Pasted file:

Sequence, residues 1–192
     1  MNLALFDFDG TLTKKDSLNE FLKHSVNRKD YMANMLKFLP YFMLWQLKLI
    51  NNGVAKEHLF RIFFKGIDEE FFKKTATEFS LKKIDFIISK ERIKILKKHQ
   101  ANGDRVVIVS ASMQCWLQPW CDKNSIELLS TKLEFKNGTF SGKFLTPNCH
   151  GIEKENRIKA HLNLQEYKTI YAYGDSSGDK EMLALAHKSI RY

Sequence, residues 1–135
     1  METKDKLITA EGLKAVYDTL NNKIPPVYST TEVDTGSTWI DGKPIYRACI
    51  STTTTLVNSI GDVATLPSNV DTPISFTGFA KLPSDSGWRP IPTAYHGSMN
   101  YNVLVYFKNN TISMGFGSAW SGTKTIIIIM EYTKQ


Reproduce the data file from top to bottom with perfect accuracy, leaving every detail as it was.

Sequence, residues 1–192
     1  MNLALFDFDG TLTKKDSLNE FLKHSVNRKD YMANMLKFLP YFMLWQLKLI
    51  NNGVAKEHLF RIFFKGIDEE FFKKTATEFS LKKIDFIISK ERIKILKKHQ
   101  ANGDRVVIVS ASMQCWLQPW CDKNSIELLS TKLEFKNGTF SGKFLTPNCH
   151  GIEKENRIKA HLNLQEYKTI YAYGDSSGDK EMLALAHKSI RY

Sequence, residues 1–135
     1  METKDKLITA EGLKAVYDTL NNKIPPVYST TEVDTGSTWI DGKPIYRACI
    51  STTTTLVNSI GDVATLPSNV DTPISFTGFA KLPSDSGWRP IPTAYHGSMN
   101  YNVLVYFKNN TISMGFGSAW SGTKTIIIIM EYTKQ